• Item
    The Value of Interviews in Representing the Long-Term Effects of Radiation in Kazakhstan
    (2024-03) Nambiar, Annika
    Semipalatinsk, Kazakhstan was once the Soviet Union’s carefully concealed testing site for nuclear weapons, unbeknown even to nearby residents. In 1989, information about radioactive contamination became public knowledge, causing outcry. As a result, Semipalatinsk and its surrounding areas have high rates of structural and systemic health issues from nuclear testing, which were exacerbated by the dissolution of the Soviet Union. The long-term effects of this testing continue to burden the Kazakhstan healthcare system and its people today. In 1995, the American International Health Alliance (AIHA) formed the Houston-Semipalatinsk Partnership (HSP) to support better outcomes through systemic changes in affected regions following their independence from the former USSR. This paper, “The Value of Interviews in Representing the Long-Term Effects of Radiation in Kazakhstan,” discusses the subset of a collection of interviews about radiation effects and events involving hospital and healthcare administrators from the Texas Medical Center (TMC) Library and Kazakhstan who participated in the HSP. These interviews demonstrate how first-person sources highlight the voice and experience of the individual, conserve nonverbal information, and serve as a dynamic and engaging method to share history with the public. This work draws from interviews that the author and other Rice undergraduates conducted. These interviews are available online through Rice University’s Woodson Research Center and the TMC Library for the public to learn about these efforts in depth.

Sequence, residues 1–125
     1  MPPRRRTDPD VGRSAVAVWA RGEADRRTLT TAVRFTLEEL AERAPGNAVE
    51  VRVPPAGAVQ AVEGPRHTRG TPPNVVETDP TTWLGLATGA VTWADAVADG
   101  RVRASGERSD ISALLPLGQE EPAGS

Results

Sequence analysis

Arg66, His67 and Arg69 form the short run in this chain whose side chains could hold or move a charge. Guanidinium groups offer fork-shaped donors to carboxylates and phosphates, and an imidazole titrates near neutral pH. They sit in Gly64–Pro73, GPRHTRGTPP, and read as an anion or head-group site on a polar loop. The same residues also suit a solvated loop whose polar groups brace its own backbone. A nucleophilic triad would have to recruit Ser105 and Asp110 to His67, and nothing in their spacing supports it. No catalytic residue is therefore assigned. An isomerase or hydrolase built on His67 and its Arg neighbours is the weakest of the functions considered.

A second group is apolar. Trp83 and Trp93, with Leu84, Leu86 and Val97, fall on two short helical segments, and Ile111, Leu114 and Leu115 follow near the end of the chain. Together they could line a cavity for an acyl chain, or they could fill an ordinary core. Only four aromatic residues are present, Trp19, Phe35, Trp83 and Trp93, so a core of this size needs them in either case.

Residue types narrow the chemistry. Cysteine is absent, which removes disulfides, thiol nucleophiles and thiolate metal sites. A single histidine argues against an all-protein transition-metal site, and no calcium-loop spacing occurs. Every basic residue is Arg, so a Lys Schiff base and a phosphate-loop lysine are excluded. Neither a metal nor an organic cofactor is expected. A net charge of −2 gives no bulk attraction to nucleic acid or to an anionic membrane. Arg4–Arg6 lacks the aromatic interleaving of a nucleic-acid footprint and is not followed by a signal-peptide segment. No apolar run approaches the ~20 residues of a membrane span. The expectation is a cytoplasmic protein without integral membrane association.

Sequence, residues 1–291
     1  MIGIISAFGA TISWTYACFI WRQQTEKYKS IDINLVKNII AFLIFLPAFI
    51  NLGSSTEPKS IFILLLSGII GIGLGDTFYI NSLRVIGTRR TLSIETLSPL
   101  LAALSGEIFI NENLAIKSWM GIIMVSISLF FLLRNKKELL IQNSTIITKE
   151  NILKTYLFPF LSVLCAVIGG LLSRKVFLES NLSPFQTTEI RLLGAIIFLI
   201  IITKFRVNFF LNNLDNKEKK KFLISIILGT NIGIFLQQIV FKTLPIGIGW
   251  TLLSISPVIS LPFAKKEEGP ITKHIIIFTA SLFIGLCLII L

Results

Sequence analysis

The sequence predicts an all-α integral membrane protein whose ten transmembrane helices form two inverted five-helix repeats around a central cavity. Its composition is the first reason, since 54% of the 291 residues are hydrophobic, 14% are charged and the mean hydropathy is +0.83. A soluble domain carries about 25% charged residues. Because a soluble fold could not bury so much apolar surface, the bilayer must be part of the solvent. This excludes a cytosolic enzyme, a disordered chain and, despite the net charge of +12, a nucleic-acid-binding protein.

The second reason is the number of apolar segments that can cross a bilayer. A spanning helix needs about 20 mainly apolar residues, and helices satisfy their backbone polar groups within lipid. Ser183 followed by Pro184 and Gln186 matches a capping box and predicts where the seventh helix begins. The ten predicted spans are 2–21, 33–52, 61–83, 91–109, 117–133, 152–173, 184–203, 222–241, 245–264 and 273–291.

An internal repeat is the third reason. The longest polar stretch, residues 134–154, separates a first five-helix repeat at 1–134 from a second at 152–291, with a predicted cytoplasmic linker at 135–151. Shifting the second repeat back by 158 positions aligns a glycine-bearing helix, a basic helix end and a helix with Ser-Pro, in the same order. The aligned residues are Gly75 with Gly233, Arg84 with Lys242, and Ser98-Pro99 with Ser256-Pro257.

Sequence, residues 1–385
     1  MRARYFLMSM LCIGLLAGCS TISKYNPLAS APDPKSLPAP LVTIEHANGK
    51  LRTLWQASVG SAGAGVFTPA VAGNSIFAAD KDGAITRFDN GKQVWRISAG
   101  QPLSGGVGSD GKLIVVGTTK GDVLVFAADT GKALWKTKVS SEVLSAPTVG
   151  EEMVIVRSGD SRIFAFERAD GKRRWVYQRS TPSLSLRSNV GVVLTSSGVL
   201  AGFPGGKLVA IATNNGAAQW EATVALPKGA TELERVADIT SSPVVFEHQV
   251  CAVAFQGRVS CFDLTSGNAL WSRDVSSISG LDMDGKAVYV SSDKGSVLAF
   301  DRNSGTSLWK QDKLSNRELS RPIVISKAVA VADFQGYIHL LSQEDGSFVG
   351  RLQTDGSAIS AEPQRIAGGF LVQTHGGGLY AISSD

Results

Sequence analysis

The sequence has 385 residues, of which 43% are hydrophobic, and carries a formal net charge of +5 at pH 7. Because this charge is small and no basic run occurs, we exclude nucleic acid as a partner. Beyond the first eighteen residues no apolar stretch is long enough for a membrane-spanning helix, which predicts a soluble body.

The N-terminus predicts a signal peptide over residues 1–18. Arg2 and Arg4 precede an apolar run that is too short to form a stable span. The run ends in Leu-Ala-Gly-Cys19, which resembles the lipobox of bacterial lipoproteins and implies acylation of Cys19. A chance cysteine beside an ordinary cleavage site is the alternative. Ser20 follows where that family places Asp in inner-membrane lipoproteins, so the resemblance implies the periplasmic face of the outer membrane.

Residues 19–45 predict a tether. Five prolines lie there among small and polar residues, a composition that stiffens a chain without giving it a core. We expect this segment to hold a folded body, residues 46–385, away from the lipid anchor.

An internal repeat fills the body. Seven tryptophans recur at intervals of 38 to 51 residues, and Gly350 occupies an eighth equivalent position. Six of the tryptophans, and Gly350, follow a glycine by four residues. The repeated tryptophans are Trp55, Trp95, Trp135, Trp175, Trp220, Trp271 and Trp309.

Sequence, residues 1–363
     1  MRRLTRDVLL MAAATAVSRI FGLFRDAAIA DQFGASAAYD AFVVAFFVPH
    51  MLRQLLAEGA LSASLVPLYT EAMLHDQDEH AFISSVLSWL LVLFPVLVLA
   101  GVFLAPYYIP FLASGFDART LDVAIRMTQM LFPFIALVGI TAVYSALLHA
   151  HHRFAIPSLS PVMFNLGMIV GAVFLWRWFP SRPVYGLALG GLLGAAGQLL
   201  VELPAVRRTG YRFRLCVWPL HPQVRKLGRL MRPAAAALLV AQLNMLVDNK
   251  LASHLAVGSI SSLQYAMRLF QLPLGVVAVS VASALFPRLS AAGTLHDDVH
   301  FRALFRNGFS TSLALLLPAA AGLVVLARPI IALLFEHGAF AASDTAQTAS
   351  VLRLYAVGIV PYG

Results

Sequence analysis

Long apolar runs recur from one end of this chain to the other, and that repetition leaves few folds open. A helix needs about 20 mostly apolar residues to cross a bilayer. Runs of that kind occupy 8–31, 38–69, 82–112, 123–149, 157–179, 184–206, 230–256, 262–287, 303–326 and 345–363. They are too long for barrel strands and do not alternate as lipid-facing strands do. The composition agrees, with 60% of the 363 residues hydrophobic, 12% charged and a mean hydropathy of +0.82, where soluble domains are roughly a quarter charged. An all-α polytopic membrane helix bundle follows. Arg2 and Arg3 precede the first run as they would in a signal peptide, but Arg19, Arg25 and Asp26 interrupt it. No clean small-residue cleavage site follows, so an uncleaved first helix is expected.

• Item
    Front Matter
  • Item
    Living in the Nuclear Age: A Course for Medical Students Outlining Key Aspects of Medicine and Health Effects
    (2024-03) Shandera, Wayne X.
    At Baylor College of Medicine, for nearly two decades, we have provided an elective course entitled “Nuclear Ethics,” in which we discuss the ways living in the nuclear age impacts medicine. The course reviews the health effects of the World War II Japanese bombings (including a discussion of the local medical library repository of a large collection of data related to the Atomic Bomb Casualty Commission), the health effects of nuclear testing including the Marshall Islands and the Nevada Test site (the most heavily bombed place on earth), the risks attendant with employment in the nuclear industry, the current controversies attendant with nuclear power and the data associated with accidents such as those at Three Mile Islands, Chernobyl, and Fukushima, and a final discussion of nuclear conflicts in the world today. The students who enroll are largely first-year medical students. The Houston and Baylor College of Medicine communities benefited greatly from the presence on retirement of Dr. William Schull, the geneticist and epidemiologist who led many of the activities of the Atomic Bomb Casualty Commission. In his retirement he continued to teach students about the effects of the Japanese bombings. Through his nineties he eloquently described his love for the Japanese culture and provided in depth insights, knowledge, and experience about the effects of ionizing radiation. These discussions served as an impressive example for the medical students in the course. Much of his material are in the repository at the McGovern Historical Center of the Texas Medical Center Library. Students participate by readings, discussion, and detailed assignments. The course is well-received and emphasizes an importance of physician involvement in nuclear issues, including the key role that the Physicians for Social Responsibility played in the test ban treaties and in the dissolution of the USSR in 1989.